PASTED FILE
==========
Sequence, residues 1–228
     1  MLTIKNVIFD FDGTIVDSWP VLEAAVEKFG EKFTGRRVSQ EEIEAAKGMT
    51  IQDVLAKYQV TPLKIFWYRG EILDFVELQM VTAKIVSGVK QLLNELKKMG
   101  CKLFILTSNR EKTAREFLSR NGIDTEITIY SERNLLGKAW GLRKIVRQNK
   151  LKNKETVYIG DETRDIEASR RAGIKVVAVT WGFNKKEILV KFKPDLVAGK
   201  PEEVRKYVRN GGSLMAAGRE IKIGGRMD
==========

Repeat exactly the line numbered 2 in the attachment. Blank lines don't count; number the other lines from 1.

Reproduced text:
     1  MLTIKNVIFD FDGTIVDSWP VLEAAVEKFG EKFTGRRVSQ EEIEAAKGMT